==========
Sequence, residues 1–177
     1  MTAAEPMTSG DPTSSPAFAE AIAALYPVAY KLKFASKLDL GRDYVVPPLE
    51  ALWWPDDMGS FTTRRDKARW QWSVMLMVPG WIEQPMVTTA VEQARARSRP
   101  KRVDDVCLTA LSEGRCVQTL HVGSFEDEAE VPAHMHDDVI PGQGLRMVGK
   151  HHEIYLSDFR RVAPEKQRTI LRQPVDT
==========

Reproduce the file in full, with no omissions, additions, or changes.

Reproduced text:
Sequence, residues 1–177
     1  MTAAEPMTSG DPTSSPAFAE AIAALYPVAY KLKFASKLDL GRDYVVPPLE
    51  ALWWPDDMGS FTTRRDKARW QWSVMLMVPG WIEQPMVTTA VEQARARSRP
   101  KRVDDVCLTA LSEGRCVQTL HVGSFEDEAE VPAHMHDDVI PGQGLRMVGK
   151  HHEIYLSDFR RVAPEKQRTI LRQPVDT